Michael Inside Review
From The Hill and Scum, to Hunger and Starred Up, cinema made in and around the British Isles has a long tradition of being banged up at Her Majesty’s Pleasure. In many ways it’s an ideal fit for the gritty, social realist style we tend to do so well, usually taking us behind prison walls with a no-holds barred account of how raw and brutal life can be inside.
Michael Inside hails from the Republic of Ireland and is every bit as sobering and affecting as any British classic you care to mention. Much of director Frank Berry’s career to date has been concerned with the lives of young people living on both sides of the border. His latest release saw him undertake 18 months of intense research working alongside the Irish Prison Service, spending time with prisoners and ex-cons to find the authenticity that would help shape the character of 18-year-old Michael McCrea.
Dafhyd Flynn plays the role of Michael and the success of the film is derived from his subtle yet engaging performance that relies on his physical appearance more than anything else. Michael lives on a tough Dublin estate and mostly seems to keep his nose out of trouble, although he has a habit of making bad decisions that come back to haunt him. That’s what led to 12 month probation for being a passenger in a stolen car, but now he has a steady girlfriend and is trying to better himself at college.
We learn his father is already banged-up and his mother died from a drug overdose when he was young. He lives with his world weary grandfather Francis (Lalor Roddy) who tries to keep him on the straight and narrow. When he’s asked to hold a bag of cocaine it seems like a small favour for a friend that shouldn't lead to any trouble. That is until the police arrive at his home with a warrant and find it stashed in his room and the prospect of jail suddenly becomes far more likely.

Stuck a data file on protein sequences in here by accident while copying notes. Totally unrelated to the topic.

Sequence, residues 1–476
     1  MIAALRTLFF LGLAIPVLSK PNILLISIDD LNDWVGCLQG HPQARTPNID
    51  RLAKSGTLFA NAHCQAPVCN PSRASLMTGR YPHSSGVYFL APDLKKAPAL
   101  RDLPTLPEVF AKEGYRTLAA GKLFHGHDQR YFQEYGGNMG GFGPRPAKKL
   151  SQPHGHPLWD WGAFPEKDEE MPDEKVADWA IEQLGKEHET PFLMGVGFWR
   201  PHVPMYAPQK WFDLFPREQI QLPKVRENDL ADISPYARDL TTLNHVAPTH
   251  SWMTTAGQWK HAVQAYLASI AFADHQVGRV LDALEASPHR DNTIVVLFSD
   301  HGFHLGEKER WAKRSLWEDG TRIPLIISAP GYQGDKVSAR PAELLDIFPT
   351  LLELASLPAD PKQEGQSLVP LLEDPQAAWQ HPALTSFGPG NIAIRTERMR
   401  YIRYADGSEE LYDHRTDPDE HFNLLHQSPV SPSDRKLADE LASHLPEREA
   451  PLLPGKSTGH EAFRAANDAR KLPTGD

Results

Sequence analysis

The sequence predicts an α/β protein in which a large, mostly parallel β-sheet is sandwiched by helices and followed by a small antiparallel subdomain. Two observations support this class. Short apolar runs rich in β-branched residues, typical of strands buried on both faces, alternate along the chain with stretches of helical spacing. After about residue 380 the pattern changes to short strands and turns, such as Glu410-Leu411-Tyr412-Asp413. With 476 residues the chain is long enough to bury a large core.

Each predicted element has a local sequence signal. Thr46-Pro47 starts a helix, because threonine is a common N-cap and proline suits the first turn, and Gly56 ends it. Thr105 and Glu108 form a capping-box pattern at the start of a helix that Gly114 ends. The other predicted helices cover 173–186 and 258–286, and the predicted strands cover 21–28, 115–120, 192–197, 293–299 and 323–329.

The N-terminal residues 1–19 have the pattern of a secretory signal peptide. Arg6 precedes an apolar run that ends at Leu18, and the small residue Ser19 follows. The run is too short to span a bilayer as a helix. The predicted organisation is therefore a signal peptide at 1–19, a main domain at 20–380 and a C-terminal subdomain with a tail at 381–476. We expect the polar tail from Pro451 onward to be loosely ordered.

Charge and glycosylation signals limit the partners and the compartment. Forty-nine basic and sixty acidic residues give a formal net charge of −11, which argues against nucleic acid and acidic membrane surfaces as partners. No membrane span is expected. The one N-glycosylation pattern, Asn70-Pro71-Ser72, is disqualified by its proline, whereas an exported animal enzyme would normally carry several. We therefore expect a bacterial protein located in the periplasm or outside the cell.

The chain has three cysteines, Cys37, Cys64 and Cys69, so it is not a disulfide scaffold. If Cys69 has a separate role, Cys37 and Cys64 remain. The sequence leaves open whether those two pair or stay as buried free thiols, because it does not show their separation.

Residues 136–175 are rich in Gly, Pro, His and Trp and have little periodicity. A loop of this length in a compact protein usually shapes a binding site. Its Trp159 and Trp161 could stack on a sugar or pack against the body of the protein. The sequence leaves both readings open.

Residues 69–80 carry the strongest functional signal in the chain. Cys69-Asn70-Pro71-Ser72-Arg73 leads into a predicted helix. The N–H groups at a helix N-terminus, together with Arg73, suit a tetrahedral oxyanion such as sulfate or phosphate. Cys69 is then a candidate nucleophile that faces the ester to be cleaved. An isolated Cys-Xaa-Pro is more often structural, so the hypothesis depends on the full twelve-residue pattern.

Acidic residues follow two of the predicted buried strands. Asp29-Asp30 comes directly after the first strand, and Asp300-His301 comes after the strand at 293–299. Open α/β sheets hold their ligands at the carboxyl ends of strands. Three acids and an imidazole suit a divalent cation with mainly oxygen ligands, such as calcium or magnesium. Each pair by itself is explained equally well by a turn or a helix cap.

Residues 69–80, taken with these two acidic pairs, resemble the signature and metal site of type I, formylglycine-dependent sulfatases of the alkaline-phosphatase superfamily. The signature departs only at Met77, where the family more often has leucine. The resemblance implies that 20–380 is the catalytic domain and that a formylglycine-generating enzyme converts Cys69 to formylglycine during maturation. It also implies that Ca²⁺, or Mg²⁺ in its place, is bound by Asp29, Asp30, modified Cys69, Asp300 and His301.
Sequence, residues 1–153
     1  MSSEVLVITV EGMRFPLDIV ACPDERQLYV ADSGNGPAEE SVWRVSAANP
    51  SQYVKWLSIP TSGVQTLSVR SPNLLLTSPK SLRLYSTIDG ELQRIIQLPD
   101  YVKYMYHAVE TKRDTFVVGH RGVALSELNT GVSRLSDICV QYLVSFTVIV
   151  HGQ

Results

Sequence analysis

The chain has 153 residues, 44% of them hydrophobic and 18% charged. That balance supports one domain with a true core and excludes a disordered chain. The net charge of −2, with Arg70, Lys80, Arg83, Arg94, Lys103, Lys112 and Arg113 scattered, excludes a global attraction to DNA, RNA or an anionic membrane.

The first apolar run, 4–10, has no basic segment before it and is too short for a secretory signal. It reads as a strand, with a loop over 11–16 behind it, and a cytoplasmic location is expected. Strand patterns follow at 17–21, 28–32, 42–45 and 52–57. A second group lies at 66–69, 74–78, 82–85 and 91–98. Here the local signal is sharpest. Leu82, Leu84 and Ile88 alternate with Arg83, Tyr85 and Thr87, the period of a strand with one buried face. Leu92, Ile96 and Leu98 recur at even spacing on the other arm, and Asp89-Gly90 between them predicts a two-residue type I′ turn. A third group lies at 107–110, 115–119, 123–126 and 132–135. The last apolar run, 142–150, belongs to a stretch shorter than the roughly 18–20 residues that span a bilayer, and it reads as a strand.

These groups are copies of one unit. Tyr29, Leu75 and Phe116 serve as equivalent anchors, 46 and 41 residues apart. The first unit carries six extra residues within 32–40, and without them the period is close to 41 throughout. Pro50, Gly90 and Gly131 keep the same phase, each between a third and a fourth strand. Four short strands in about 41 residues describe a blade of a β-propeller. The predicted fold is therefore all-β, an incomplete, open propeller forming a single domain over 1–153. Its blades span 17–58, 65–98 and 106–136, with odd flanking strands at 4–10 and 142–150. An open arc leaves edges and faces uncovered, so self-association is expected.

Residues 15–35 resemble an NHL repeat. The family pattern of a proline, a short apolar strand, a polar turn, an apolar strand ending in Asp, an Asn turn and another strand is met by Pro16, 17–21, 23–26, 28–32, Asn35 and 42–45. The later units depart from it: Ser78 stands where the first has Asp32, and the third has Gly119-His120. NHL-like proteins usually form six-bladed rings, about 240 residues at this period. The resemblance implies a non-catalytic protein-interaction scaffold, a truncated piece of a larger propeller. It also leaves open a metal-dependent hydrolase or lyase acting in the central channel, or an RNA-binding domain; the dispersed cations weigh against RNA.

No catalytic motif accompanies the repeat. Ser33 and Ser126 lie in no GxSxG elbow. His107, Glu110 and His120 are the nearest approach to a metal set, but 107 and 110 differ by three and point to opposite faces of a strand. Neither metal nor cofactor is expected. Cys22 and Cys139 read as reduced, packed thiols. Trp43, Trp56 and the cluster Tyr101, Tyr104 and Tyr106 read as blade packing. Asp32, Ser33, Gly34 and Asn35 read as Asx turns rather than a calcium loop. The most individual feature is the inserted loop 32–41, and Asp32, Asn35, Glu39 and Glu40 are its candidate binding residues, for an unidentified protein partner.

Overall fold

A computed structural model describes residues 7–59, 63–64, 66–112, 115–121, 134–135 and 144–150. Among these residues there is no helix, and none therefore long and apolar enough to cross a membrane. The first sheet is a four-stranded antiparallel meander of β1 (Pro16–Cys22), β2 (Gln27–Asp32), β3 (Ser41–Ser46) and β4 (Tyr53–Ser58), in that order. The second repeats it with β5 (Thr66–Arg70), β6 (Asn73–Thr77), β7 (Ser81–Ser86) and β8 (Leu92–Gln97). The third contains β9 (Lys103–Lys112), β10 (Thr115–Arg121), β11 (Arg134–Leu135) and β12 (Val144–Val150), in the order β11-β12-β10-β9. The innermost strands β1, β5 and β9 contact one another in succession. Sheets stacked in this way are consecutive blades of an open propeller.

Berry’s documentary-style aesthetic keeps Michael’s face front and centre throughout the film. The pending court appearance and the fear of going to prison immediately casts a dark cloud over his young features. The script doesn’t ask much of Flynn at this stage but we are reliant on him expressing his inner panic and anxiety through his constantly furrowed brow and lost gaze. Despite the wreckage of his family life he has managed to forge the possibility of a future yet one regrettable decision could ruin it all.
As the title implies, the judge shows no mercy and puts him away for three months, one of which is suspended. Being of an adult age he ends up at Mountjoy prison alongside hardened criminals who would be more than happy to take advantage of a slender built boy entering their world for the first time. He’s eventually taken under the wing of an experienced inmate called David (an excellent Moe Dunford) although their relationship is not as straight forward as it may first appear. Violence - or the threat of it - is always present, and even though it mostly takes place off screen or at the edge of the frame, you constantly fear for Michael's safety.
Flynn takes us through the harrowing experience of walking into the lion’s den and surviving and how that can irrevocably change you forever. The cards were stacked against Michael way before his minor indiscretion and Berry’s film is a stark reminder that where you are born, the house you are raised in and your economic background often dictate the course of your life. While there are few surprises in his narrative it does avoid some of the more obvious plot choices many similar films often fall victim to.
This is impressive and heartfelt filmmaking that feels genuine in every possible way. As you might expect, the cinematography is suitably drained of colour by DoP Tom Comerford, mirroring Michael’s grim state of mind and even bleaker prospects. Michael Inside isn’t miserablism for the sake of it, rather, Berry is speaking for the thousands of young men chewed up and spat out by the system before they’ve even had a chance to experience life. As Moe Dunford’s character perfectly summarises shortly after they meet: “Forget about buying a house, forget about going to the States. Your sentence only starts when you’re released.”
There will be a special Q&A screening with the director Frank Berry on Sunday, 16th September at the Prince Charles Cinema, London. Details of the event can be found here.